Over 100 public statues of women can be found in the UK. On the occasion of International Women’s Day, 8 March 2021, the PSSA launched a database of these multifarious sculptures representing women of achievement from past and present. The database includes many well-known figures with a range of attainments: nurses such as Edith Cavell, Florence Nightingale and Mary Seacole, the pilot Amy Johnson, writers such as Jane Austen, Virginia Woolf and George Eliot, performers such as Gracie Fields, Margot Fonteyn, Amy Winehouse and Victoria Wood, activists such as Mary Barbour, Millicent Fawcett and Emmeline Pankhurst, and countless others. These exceptional women lived full and extraordinary lives. The sculptures embody their achievements for posterity, works of art in bronze or stone to commemorate them and further our understanding of their contributions to our own lives and history. The database excludes royal personages, as well as mythological or allegorical female figures, which are in a different category from these representations of people whose successes stemmed from their own endeavours.
We would welcome contributions to the database, if you know of any other statues of women not included here, or if you wish to add information, such as further dates, about the statues on the list. Please use the form to the right. We are aware this is an evolving resource which will expand as time goes on.
There are 115 statues recorded in the database.
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Photo: Kim Traynor Wikimedia Commons
Jackie Crookstone (1768-1797) is depicted here in a public sculpture entitled The Tranent Massacre Memorial. She was an activist associated with the riots which led to this massacre and she was one of its victims. Her bronze statue was unveiled in 1995. The figure of the boy was added later for stability.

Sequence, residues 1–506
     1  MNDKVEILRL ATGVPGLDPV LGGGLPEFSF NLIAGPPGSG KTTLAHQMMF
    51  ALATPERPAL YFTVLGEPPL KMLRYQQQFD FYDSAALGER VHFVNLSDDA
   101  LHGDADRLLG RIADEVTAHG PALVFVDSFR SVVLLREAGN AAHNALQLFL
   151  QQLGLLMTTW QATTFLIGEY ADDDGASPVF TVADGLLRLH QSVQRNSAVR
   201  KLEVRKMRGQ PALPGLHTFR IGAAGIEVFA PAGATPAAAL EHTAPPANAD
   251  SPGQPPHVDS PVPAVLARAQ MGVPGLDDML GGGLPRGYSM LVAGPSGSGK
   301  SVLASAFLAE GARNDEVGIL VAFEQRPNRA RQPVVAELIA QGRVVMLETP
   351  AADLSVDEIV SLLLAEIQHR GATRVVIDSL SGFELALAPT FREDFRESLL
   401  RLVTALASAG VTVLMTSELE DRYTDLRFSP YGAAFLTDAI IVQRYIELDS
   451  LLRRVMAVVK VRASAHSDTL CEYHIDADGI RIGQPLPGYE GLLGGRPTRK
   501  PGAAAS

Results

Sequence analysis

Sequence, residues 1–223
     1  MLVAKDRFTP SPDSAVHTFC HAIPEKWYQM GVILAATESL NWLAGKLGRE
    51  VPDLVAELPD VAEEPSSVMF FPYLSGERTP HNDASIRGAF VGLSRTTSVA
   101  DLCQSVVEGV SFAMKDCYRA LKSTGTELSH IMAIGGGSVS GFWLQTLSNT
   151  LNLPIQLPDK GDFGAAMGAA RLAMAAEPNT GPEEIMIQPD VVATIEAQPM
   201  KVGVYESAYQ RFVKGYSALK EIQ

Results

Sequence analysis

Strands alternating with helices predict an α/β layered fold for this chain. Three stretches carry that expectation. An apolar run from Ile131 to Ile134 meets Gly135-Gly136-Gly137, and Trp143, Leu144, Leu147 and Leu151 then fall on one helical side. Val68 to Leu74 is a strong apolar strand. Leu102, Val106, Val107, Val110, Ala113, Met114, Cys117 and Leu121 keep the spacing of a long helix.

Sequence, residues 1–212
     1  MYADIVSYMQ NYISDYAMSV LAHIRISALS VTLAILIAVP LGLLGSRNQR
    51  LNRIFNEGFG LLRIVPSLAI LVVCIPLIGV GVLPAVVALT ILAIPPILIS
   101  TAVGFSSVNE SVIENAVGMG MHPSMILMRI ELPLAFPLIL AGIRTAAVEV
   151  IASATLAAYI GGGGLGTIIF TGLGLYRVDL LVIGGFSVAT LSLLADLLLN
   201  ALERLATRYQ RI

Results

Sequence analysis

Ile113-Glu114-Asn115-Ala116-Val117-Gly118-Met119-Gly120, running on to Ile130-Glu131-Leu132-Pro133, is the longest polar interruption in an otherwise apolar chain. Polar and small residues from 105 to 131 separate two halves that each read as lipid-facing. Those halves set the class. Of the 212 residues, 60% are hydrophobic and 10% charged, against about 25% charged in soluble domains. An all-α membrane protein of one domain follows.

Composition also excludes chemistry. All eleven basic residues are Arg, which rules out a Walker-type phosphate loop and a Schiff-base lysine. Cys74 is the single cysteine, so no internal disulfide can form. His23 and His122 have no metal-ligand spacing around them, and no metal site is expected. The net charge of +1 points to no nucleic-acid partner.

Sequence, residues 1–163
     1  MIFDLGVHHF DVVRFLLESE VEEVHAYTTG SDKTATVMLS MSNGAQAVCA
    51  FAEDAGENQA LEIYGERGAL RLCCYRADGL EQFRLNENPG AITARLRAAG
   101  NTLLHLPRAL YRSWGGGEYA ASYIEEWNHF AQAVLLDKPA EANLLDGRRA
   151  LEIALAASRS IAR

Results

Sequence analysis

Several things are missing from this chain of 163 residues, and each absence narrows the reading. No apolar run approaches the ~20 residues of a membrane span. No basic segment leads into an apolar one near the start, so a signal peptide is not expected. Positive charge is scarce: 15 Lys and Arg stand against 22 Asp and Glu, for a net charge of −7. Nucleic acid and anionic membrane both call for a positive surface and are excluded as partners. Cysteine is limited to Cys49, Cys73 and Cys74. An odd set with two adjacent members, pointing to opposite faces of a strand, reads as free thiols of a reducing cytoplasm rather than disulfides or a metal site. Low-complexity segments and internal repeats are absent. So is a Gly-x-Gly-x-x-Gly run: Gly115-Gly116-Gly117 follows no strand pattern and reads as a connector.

Sculptor: David Annand (b.1948)
Location: Civic Square, Tranent, East Lothian, Scotland.
Photo: Margaret Ferguson Burns Wikimedia Commons
CC BY-SA 3.0
Dr Helen Crummy (1920-2011) was a social activist, writer and the founder of the Craigmillar Festival Society in 1962. The bronze statues of Crummy and her son (2013-14) are mounted on a concrete base with a Jesmonite doorframe, the sculpture was unveiled on 21 March 2014. For full description and discussion see Ray McKenzie, Public Sculpture of Edinburgh, vol.1, LUP 2018, pp. 310-12.
Sculptor: Tim Chalk (b.1955)
Founder: Powderhall Bronze
Concrete casting: Creagh Concrete
Location: In front of the East Neighbour Centre, Niddrie Mains Road, Edinburgh, Scotland.
Photo: © the artist. Photo credit: Susan Dawson/Art UK
Emily Wilding Davison (1872-1913), the militant suffragette, who was knocked over by King George V’s horse, when she ran on to the racecourse at the 1913 Epsom Derby and later died from her injuries. This steel statue depicts Davison on hunger strike in prison emptying the food from her bowl. The steel scrolls are inscribed: VOTES / FOR / WOMEN; and: SHE KNEW. / KNEW THEY WOULD COME / WITH A FUNNEL AND PIPE / THAT THEY WOULD COME / MOB HANDED. / RESTRAINING HER BODY BUT / STRENGTHENING HER / CONVICTION. / THEIR MISGUIDED METHODS. / SMALL BRUTAL VICTORIES / ACHIEVING THEIR GREATER / DEFEAT. / AND SHE WAS CONTENT. Davison’s parents both came from Morpeth and she is buried in the family plot there in the churchyard of St Mary the Virgin. The statue was commissioned by Northumberland County Council and Morpeth Town Council and was unveiled on 11 September 2018.
Sculptor: Ray Lonsdale (b.1965)
Location: Carlisle Park, Morpeth, Northumberland.
Photo:© Mike Longhurst
Emily Wilding Davison (1872 – 1913) The militant suffragette, sits on a pale granite bench. She is depicted in the hat she wore when she was knocked down by the King George V’s horse, and later died, after running on to the racecourse at the 1913 Epsom Derby. Beside her on the bench are three of her favourite books and her mortarboard, which she always wore when marching with the suffragettes. She wears her hunger strike medal with seven bands to indicate the number of times she was imprisoned. She also wears her Royal Holloway and her suffragette badges. She is turned towards whoever sits down beside her on the bench as if she is in conversation, with her one hand ready to be held and her other hand holding the census form for the Palace of Westminster that was completed by the clerk to include her name after she had spent the night hiding there to avoid being added to it. The statue was unveiled on 8 June 2021, the anniversary of the day she died.